MOUNTAIN VIEW — Pop stars of today and tomorrow gathered at Shoreline Amphitheatre Sunday night for the WAZZMATAZZ summer concert spectacle. The show, presented by radio station Wild 94.9, featured an eclectic lineup of performers not only stylistically diverse, but also culturally diverse. Headlined by superstar Halsey, the show was very much the summer counterpart to the Jingle Ball format, with each act playing shortened rapid-fire sets. The format made for a perfectly curated real-life Spotify playlist brought to life onstage.
Halsey, performing on the second anniversary of Hopeless Fountain Kingdom, brought an electric and engaging performance that left the Shoreline crowd begging for more. She took the stage in all black—from a chopped-up Ramones T-shirt to long jet black hair and leather boots. On opening song “Gasoline,” she was flanked by columns of flames that lit the outdoor stage during the resounding chorus. The New Jersey singer headbanged, bounced and got down into a balanced crouch with impressive dexterity. Halsey continued her set with “Now or Never” and the infectious driving stomp of “Colors.” She performed the Khalid collaboration “Eastside,” asking the audience to help out with his parts.
Before performing a stripped-down piano version of her hit Chainsmokers collaboration “Closer,” the 24-year-old reflected back on the past two years since the release of her last album and how much had changed since then, such as her hairstyle and her home address. The performance was poignant and dramatic as Halsey sang to a sea of cell phone lights. The subtle arrangement of the song proved superior to the original.
After “Alone,” Halsey brought out the recently released “Nightmare,” a song that exuded confidence and defiance. The intense performance served up thrills and was buoyed by a wall of flames as well as a concussion-level blast of pyrotechnics that welcomed the chorus. She concluded with singalong fan favorites “Bad A Love,” a song which Halsey dedicated to those who came to the show alone, and “Without Me.” Cannons of smoke engulfed the stage with confetti raining down.
U.K. songstress Ellie Goulding was supposed to play in San Jose before the College Football Championship last January, but that performance was canceled because of a storm. Her return was worth the wait for fans as the singer brought her most upbeat hits. Goulding exchanged the more brooding art-pop for pure fun and was all smiles as she bounded her way through infectious hits like the Calvin Harris collaboration “I Need Your Love” and “Outside.” Goulding’s smokey rasp was as strong as ever as she confidently powered through an upbeat club remix of new song “Close to Me” and soaring ballad “Love Me Like You Do.”
Goulding even included her original hit, “Lights,” which has become a rarity to hear live in recent years. She closed her set with a stellar performance of the trippy “On My Mind” and “Burn,” finishing by strapping on a guitar for an extended instrumental jam with her band.
Latin American boy band CNCO provided some of the night’s biggest highlights during its entertaining early evening set. The quintet showed impressive vocal chops and tight harmonies, proving its talents go beyond the flashy onstage moves. The group sang in a mix of Spanish and English, though the majority of the material was performed in the former.
Vocalist Richard Camacho performed much of the set from atop a road case as he was still recovering from a sprained ankle. He kept up with his bandmates, even with the assistance of a cane. CNCO included a surprisingly soulful stripped-down take of Sam Smith’s “Stay With Me,” a song which the members say brought them together in the first place.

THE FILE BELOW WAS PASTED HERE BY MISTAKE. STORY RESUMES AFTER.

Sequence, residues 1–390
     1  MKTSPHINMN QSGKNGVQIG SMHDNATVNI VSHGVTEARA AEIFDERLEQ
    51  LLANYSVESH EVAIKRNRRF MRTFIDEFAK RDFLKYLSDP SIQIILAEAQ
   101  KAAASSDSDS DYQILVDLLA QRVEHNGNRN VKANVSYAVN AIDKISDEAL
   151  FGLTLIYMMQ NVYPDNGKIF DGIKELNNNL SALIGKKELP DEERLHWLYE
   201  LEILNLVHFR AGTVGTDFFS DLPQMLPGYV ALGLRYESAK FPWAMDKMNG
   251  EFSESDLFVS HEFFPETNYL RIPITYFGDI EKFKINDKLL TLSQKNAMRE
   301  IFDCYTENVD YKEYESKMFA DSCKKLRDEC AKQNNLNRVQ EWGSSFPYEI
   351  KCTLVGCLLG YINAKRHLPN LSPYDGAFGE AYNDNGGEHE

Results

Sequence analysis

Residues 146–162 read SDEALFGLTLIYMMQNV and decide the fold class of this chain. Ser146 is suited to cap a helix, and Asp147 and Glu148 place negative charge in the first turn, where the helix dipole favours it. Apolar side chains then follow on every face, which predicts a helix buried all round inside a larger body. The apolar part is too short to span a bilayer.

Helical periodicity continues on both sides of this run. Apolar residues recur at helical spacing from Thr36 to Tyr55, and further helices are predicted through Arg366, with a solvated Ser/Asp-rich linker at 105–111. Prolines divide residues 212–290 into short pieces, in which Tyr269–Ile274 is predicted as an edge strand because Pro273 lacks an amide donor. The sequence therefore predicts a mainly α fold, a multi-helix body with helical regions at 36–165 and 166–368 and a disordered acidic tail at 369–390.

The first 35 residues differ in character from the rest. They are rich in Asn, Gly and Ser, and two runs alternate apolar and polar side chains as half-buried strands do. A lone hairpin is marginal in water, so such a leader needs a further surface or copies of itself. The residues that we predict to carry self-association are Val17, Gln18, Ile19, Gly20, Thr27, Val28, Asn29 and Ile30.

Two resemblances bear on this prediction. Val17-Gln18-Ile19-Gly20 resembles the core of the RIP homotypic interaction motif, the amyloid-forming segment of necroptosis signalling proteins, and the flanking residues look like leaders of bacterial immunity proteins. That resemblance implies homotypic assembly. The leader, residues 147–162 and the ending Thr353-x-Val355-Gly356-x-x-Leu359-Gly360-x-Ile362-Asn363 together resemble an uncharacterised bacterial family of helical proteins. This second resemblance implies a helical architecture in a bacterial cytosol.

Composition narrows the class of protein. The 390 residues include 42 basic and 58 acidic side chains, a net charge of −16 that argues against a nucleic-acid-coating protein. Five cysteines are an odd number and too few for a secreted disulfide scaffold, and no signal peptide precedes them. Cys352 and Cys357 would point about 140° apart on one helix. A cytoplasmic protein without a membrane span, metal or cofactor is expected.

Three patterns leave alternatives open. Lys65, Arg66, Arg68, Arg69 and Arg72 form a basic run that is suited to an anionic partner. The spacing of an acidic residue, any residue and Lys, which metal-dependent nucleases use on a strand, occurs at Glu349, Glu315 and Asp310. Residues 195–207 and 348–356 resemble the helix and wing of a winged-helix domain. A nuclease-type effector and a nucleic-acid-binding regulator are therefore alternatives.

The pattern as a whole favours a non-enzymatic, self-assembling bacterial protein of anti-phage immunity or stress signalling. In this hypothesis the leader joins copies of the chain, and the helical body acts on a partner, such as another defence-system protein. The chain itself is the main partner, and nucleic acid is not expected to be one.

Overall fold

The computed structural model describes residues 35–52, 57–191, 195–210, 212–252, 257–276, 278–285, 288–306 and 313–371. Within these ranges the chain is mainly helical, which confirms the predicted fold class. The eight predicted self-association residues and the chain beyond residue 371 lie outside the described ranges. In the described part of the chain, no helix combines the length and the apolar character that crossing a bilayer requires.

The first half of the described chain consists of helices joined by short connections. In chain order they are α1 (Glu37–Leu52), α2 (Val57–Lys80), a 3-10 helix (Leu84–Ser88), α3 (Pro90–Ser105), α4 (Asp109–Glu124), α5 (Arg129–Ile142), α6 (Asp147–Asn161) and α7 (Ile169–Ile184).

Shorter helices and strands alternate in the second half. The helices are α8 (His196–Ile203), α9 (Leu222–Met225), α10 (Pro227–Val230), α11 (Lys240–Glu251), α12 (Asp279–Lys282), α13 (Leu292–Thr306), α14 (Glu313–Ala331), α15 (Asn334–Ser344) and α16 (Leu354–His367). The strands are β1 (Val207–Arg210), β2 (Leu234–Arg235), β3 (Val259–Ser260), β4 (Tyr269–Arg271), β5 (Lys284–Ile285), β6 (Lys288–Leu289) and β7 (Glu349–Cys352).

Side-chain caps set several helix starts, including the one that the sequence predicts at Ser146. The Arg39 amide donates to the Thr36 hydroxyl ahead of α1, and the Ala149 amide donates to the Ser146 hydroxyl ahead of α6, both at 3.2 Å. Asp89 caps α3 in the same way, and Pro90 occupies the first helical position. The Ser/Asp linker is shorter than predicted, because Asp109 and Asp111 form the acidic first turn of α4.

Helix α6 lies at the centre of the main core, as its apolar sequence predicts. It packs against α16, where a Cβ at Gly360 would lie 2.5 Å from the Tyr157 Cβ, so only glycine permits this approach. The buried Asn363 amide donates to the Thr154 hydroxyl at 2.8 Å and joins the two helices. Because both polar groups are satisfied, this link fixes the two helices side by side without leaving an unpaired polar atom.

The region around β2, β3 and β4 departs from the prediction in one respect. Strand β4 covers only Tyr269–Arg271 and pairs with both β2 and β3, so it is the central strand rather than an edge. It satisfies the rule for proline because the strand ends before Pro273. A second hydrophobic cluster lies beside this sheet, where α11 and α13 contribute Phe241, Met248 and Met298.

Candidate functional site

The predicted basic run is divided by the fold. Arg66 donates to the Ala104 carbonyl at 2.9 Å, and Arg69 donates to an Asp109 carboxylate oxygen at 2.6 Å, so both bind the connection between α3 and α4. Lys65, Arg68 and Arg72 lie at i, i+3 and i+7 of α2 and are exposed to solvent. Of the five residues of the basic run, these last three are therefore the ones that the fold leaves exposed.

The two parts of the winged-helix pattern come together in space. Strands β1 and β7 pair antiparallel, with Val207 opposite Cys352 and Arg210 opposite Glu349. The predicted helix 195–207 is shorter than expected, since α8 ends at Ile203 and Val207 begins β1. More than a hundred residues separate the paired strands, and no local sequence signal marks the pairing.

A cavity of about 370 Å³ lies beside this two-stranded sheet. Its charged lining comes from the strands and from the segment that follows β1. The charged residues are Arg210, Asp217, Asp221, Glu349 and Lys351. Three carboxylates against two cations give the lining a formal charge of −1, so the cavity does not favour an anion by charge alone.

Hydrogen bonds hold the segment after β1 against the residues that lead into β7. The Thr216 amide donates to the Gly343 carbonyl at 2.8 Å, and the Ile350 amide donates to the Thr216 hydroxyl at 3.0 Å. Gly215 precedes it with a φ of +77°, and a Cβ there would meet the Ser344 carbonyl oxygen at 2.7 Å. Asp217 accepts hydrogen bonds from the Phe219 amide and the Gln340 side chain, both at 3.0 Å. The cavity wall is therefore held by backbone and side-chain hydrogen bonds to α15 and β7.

Seoul, South Korea K-pop outfit NCT 127 proved to be one of the most anticipated bands of the night, and an introduction for this reviewer into the phenomenon that is K-pop. It’s easy to see why groups like NCT 127 appeal to the wide audience that they do, especially to younger fans. Donning multicolored blazers, fun hair colors and sharp dance moves, NCT 127’s performance was heavy on style, drama and energy. Nearly everything the group did elicited a scream from the crowd. The bass pounded, the beat dropped and the band jumped and posed with dramatic flair. The group’s set included a performance of the new song “Highway to Heaven.”
Another New Jersey singer-songwriter, Fletcher, turned in an impressive midday set as well, mixing Top 40 pop sounds with classic R&B. Fletcher, flanked by a drummer and a guitarist, delivered a head-turning set that provided excitement. Between songs she talked about the origins of her song lyrics, which included one of running into her ex at a bar. Fletcher closed out her set with the hit, “Undrunk.”
Breaking into the pop frenzy portion of the night was Ava Max. Alongside four dancers, the Wisconsin-born, Virginia-raised singer delivered bubblegum melodies with a punch. Her songs radiated with powerful positive energy that would encourage fans to embrace and stand up for themselves. “So Am I” was a comforting battlecry for misfits, while “Not Your Barbie Girl”—which sampled the Aqua song—gave an important lesson in consent.
Ava Max’s vocals stayed silky and flawless as she floated between belted and delicate notes. She ultimately closed with empowering bop “Sweet But Psycho.”
Ty James made the most of his short but sweet 15-minute set, kicking off Wazzmatazz with an energized performance. Each cut’s infectious, buoyant beat was perfect for the summer, as James stayed on top of his killer flow and made it all seem effortless.
Performing “Temptations,” “No Option” and breakthrough single “Splash,” the Indiana rapper had an obvious knack for melodic verses. His stage presence reflected the high-spirited nature of his songs, beaming pretty much nonstop. James would also express his love for the Bay Area, which made the crowd giddy to hear.